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  • Writer's pictureVidals

'I just wanna thank you'

I love the idea of a Thanksgiving holiday—I wish my country celebrated the time. What a wonderful idea to put aside a day to do that. We have much to be thankful for. But, so often we get sidetracked by the mechanics involved around big holidays and family gatherings—getting to the venue, the food we need to prepare, that uncle or cousin who always causes trouble.... the list goes on.

This reminds me of the passage in the Bible, “He threw himself at Jesus’ feet and thanked him—and he was a Samaritan.” (Luke 17:16.).

Jesus himself wondered what happened to the nine other men who were also healed. Maybe they were so focused on doing the right thing (going to the priest) that they got distracted. Or maybe they thought of all the other things they still lacked. “Yes, I’m healed, but I still don’t have a job/ I’m healed but I’m still not happy about the way I look/ I’m healed but I still don’t have a life partner.” Or they took the healing for granted. “Pfft! Jesus is a Jewish healer/rabbi/the Messiah, it’s his job to fulfill requests.” Many times, we are just like those nine men, although we'd never admit it.

The Samaritan man was not obliged to go show himself to the priest, and that’s why he could return to the healer, Jesus. By doing so, he learned the integral part that his faith played—he acted before there was evidence that he’d be healed, and he got an extra blessing. Jesus told him, “Go, your faith has made you whole”. Jesus transformed him physically and spiritually.

Joy springs from a grateful heart (I have a mug to remind me of that). When you are thankful, it’s hard to stay grumpy; when you’re thankful for your spouse or children, you’ll speak to them more kindly; when you’re thankful for your job, your attitude will be different and you’ll put in a better effort.

A few years ago, I learned how easy it is to ask God for something and then forget to thank him. A Bible discussion group that I was a part of met at the start of the year. After reflecting on the scripture in Ephesians 3:20 “Now to him who is able to do immeasurably more than all we ask or imagine, according to his power that is at work within us”, the speaker encouraged us to write a list of “impossibles” and put it before God. We went wild and wrote a long list!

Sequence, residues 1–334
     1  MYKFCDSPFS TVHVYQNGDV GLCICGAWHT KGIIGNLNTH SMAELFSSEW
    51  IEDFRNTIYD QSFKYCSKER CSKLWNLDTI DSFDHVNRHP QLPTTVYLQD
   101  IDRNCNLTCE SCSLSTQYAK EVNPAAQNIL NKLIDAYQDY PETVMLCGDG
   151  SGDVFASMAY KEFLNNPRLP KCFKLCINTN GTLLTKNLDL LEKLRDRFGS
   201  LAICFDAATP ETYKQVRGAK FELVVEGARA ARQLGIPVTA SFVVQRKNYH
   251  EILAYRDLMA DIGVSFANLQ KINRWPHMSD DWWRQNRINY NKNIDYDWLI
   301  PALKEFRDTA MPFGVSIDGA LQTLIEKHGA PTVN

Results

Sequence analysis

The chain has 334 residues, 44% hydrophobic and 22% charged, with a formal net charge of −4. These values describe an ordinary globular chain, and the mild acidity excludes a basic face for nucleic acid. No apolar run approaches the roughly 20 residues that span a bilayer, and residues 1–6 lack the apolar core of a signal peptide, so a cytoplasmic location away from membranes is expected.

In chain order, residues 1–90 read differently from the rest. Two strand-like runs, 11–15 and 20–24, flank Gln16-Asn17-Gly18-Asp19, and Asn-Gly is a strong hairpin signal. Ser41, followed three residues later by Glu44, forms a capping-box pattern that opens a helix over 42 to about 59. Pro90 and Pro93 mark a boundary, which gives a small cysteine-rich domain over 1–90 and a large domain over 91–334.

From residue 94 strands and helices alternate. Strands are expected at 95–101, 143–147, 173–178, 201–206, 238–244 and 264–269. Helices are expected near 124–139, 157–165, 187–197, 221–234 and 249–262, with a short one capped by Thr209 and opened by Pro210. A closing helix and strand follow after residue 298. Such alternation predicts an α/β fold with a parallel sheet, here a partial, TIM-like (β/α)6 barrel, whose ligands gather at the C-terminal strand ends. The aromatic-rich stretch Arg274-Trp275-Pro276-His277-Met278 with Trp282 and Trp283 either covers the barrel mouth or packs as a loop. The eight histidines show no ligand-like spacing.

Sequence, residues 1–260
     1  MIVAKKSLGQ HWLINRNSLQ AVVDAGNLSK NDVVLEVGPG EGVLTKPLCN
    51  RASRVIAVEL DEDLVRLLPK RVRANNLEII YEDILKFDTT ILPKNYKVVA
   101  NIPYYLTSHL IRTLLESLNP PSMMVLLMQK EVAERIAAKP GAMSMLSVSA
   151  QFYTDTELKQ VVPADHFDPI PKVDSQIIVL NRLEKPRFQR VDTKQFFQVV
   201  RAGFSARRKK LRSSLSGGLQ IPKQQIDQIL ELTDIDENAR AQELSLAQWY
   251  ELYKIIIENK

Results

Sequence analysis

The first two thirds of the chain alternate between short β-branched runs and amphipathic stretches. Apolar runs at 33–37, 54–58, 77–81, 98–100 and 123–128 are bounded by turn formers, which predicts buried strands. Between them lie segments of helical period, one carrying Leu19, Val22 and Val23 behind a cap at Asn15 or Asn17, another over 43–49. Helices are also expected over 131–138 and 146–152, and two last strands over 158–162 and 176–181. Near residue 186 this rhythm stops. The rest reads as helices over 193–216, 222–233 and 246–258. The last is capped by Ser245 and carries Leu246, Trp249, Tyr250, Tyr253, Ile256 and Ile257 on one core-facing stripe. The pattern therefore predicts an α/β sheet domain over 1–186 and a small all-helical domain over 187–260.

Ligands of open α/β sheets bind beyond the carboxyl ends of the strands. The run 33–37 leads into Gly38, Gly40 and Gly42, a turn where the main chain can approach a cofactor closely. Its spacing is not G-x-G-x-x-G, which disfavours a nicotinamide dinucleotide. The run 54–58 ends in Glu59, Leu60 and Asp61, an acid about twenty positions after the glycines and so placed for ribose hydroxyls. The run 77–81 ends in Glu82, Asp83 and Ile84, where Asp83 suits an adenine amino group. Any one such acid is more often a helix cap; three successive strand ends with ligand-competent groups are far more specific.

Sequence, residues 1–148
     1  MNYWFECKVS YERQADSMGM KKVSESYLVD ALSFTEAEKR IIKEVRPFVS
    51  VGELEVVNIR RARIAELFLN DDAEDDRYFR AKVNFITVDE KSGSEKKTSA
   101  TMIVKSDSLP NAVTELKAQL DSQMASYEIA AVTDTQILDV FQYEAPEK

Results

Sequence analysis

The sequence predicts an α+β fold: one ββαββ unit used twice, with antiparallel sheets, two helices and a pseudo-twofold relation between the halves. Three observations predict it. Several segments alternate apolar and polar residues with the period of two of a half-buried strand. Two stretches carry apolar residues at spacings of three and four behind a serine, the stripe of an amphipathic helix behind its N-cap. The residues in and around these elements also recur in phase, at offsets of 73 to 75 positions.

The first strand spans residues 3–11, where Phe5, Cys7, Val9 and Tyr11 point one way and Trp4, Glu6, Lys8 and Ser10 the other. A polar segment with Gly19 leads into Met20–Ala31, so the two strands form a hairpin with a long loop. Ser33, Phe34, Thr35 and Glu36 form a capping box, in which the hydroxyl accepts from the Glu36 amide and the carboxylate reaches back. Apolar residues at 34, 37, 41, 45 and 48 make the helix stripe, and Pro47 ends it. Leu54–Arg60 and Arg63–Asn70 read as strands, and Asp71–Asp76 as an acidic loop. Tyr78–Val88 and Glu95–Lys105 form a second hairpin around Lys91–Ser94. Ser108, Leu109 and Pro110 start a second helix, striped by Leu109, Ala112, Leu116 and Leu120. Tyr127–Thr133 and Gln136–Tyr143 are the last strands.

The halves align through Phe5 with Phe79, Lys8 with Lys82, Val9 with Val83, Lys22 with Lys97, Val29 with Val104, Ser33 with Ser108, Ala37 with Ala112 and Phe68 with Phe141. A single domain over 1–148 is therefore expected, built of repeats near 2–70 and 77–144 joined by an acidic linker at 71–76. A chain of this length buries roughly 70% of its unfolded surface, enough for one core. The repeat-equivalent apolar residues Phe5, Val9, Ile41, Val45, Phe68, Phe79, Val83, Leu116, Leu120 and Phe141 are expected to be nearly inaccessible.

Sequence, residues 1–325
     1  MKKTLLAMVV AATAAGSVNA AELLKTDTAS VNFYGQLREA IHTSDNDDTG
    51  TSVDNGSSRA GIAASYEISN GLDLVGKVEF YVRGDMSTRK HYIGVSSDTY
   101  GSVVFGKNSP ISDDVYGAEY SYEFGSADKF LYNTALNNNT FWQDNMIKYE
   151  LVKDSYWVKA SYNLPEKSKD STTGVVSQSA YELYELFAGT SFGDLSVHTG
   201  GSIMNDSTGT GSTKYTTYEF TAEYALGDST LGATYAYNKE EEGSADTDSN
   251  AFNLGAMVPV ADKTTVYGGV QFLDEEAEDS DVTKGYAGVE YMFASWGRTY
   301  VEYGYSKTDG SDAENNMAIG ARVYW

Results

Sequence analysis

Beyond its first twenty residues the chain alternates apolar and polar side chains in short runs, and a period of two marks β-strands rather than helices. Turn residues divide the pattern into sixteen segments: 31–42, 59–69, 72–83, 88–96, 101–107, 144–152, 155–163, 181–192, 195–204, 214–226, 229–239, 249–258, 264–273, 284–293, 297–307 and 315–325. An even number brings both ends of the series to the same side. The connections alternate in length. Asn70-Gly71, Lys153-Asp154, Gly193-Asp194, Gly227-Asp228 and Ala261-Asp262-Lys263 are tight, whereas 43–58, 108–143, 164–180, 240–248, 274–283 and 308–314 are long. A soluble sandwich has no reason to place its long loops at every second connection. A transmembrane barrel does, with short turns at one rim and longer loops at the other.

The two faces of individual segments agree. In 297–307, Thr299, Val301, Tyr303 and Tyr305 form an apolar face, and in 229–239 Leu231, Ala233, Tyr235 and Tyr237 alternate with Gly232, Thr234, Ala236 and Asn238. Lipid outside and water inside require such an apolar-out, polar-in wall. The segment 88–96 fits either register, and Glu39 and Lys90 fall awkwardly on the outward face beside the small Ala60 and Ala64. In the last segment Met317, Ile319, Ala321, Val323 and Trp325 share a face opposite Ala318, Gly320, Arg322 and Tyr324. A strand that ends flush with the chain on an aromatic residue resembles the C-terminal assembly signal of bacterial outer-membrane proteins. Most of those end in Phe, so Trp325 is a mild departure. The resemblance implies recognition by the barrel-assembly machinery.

Towards the end of the year, I stumbled across the list and was astounded to see that, as a group, we received most of what we’d asked for. It was so faith building. We forget so easily, that’s why a prayer journal is very useful. Just don’t forget to look at it again at the end of the year.

In Sunday school, I learned a song based on the passage in Luke 17. I went like this: “I just want to take a little time right now and thank you, Lord. For what you’ve done for me. Thank you, Lord, I just wanna thank you, I just wanna thank you.”

Put yourself in the shoes of the person who receives the words of thanks. Doesn’t it just warm your heart? I’m sure Jesus’ heart was warmed by the Samaritan man, and he went a step further with another blessing.

In relationships, it’s easy to take those close to you for granted—because they are there. But why not reverse the trend, and thank someone (while they are still alive, or still part of your life during the season you are in).

What are you thankful for, and who do you need to thank?

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